Understanding the global plastics crisis, and hoping to combat it, the grocery chain Aldi is making some drastic changes.
If you were to walk into a grocery store and remove the packaging from every single item, you’d be left with a huge mountain of trash. And that’s exactly what happens. Packaging leads to trash.
Individual coffee pods, yogurt containers, bottled water, it all adds up.
Every day approximately 8 million pieces of plastic pollution find their way into our oceans. There may now be around 5.25 trillion macro and microplastic pieces floating in the open ocean. Weighing up to 269,000 tonnes. Plastics consistently make up 60 to 90% of all marine debris studied. It’s a real problem and not enough is being done about it.
Big grocery chains are a major contributor to the problem, if you consider the fact that they are the ones allowing these products to be sold in the first place. Without a proper channel to purchase said plastics, manufacturers would have to find another way to sell their products…like reusable containers for example.
Aldi has more than 1,800 U.S. stores in 35 states, and that serves more than 40 million customers each month. They know the importance of reducing plastic waste, and they’ve made a huge decision.
According to a press statement, the company is uniquely positioned to influence how its products are sourced, produced and brought to shelves because more than 90 percent of the store’s range is ALDI-exclusive. The company plans to reach the following set of goals by working with its suppliers:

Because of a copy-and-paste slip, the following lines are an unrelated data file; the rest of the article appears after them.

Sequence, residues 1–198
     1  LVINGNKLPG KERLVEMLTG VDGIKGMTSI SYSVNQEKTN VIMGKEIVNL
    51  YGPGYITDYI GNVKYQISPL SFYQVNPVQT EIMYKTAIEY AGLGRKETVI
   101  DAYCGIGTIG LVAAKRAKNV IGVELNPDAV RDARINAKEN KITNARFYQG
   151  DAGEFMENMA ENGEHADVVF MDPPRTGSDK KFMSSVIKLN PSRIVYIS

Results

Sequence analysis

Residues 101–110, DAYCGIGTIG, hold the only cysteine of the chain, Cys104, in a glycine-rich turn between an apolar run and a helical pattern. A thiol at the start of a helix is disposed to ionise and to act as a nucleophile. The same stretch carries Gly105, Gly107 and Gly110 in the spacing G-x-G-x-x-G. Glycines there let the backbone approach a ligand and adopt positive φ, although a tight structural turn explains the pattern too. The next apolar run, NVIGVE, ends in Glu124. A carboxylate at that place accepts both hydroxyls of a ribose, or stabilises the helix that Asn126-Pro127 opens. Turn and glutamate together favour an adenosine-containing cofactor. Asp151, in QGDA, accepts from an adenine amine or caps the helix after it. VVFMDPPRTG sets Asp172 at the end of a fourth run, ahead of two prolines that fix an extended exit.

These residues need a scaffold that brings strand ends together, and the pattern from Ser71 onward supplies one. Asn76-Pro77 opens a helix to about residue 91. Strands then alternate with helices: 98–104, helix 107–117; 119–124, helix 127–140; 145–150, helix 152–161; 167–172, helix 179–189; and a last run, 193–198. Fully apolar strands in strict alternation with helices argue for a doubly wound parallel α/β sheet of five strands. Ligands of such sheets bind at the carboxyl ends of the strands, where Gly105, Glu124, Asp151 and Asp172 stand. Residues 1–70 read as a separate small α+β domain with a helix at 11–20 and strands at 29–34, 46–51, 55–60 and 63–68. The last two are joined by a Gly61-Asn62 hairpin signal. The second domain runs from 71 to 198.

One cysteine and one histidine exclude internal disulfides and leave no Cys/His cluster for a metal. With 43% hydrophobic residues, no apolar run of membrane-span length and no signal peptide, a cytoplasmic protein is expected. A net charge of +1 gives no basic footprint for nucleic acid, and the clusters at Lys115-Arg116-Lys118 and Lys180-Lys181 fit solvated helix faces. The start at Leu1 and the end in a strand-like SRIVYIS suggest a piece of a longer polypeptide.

By 2025, 100 percent of ALDI packaging, including plastic packaging, will have reusable, recyclable or compostable packaging;
By 2025, packaging material of all ALDI-exclusive products to be reduced by at least 15 percent;
By 2020, 100 percent of ALDI-exclusive consumable packaging to include How2Recycle label;
By 2020, implement an initiative to make private-label product packaging easier for customers to reuse;
Guide continuous improvement of product packaging by internal expertise and external evaluations.
Environmental practices are nothing new for the company. According to Jason Hart, CEO of Aldi U.S., “Aldi has never offered single-use plastic shopping bags. And while we’re pleased that we’ve helped keep billions of plastic grocery bags out of landfills and oceans, we want to continue to do more. The commitments we’re making to reduce plastic packaging waste are an investment in our collective future that we are proud to make.”
If only we could get more companies to realize the massive impact they have on the environment.